Josephine Butler and the fight for women's equality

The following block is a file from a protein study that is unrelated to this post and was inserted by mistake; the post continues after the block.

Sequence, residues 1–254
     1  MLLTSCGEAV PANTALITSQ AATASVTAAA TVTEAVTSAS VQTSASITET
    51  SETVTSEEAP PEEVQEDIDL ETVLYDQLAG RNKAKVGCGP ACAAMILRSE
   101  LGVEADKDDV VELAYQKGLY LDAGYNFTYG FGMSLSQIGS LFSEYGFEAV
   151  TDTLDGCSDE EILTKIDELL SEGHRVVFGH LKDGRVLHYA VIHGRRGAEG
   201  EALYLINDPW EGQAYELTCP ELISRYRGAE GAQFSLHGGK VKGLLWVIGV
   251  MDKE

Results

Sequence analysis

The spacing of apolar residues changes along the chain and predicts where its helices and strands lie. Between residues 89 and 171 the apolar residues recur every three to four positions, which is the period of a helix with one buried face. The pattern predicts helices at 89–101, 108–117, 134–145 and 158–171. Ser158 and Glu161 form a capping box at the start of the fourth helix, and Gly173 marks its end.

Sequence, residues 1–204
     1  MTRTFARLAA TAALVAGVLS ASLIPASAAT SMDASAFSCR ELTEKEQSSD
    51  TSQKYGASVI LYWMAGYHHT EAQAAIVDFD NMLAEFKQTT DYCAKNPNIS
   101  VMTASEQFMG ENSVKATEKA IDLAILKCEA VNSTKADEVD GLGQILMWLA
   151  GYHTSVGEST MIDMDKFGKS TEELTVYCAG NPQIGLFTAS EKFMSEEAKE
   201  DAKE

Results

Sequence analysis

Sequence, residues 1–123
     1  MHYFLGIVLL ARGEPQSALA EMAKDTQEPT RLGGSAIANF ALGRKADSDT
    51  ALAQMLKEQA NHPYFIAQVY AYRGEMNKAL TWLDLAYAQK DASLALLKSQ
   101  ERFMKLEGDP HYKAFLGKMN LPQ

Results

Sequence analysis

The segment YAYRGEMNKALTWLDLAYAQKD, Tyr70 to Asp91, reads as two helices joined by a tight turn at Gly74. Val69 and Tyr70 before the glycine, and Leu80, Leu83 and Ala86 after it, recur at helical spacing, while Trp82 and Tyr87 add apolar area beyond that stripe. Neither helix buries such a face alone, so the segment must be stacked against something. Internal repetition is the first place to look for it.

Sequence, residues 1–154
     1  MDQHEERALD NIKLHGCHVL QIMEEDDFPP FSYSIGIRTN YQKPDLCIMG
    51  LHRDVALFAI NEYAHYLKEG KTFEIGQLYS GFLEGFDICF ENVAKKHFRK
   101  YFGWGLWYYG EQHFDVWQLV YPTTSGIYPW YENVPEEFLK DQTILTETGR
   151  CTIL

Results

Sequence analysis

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Let's talk about Josephine Butler. Josephine was born on April thirteenth eighteen, twenty eight in Northumberland, the northeastern region of England to a prominent family. Her Father John. Gray was a wealthy landowner and cousin to the British prime. minister. Earl. Grey who led between eighteen, thirty and eighteen, thirty four. Josephine's father was a strong supporter of progressive social reforms value. He passed along to his daughter one of Seven Children Josephine was educated by her father at home. He educated both sons and daughters equally an uncommon practice for the time in eighteen fifty two at the age of Twenty Four Josephine Mary George Butler an examiner of schools who shared her commitment to social reforms. In their first five years of marriage the couple had four children in eighteen sixty, three Josephine's only daughter and youngest child Eva fell to her death. To cope with the overwhelming grief, Josephine turned to charity work. Josephine. started by finding shelter for the city's homeless women often taking them into her own home. Many of these women were prostitutes suffering the terminal stages, venereal diseases. Josephine also worked with Aunt Jemima. Cloth a prominent suffragette. To establish academic courses for advanced study for women. In eighteen sixty seven. Appointed president of the north of England Council for Higher Education of women. She campaigned for Cambridge. University, to expand opportunities available to women, students, and her efforts resulted in one of Cambridge's all women, colleges, Newnham College. During this time Josephine published multiple books about the social issues. She championed her views on a woman's place in society conflicted with some feminists of the time. Straight from the idea that women should be viewed in the same terms as men instead she argued that women deserve the vote because they were different than men and had a separate responsibility within society to protect and care for the week. To Josephine ensuring a woman's right to vote was away to strengthen the morality of the nation. In eighteen sixty nine Josephine began publicly campaigning against the contagious diseases acts of eighteen, sixty, six, eighteen, sixty, nine. These acts were initially introduced to curtail the spread of venereal diseases in the armed, forces. But in order to do so sex workers were heavily targeted and penalized. Under, these acts police were given the authority to arrest suspected prostitutes living in seaports and military towns and subject them to forced medical examinations. Have worked with sex workers at the start of her career. Josephine felt sympathy for these woman. She believed they were forced into this work through low wages and minimal opportunity for Josephine these acts represented troubling double standard. Sex workers were punished, but the men who sought out there surfaces were not. Josephine was a powerful orator who drew large crowds as she traveled the country gaining support for the Act's repeal. George now, a prominent figure in academia was criticized for letting his wife discuss sex in public. Despite threats to his career George, continue to support Josephine's advocacy. And Josephine charged on. She teamed up with other prominent social workers to expose the insidious world of human trafficking and child prostitution in London. Her hard work paid off. In eighteen eighty, five parliament passed the Criminal Law Amendment Act which raised the age of consent from thirteen to sixteen. And the following year eighteen, eighty, six parliament formally repealed the contagious diseases act. In her final years Josephine supported the suffrage movement and published her most famous work personal reminiscences of a great crusade. It promoted social reform women's education and equality. Josephine. Butler died on December thirtieth nineteen O six. She was seventy eight years old. Her Fiber Women's equality especially for those who often exist on the margins of society remains highly relevant to this day.

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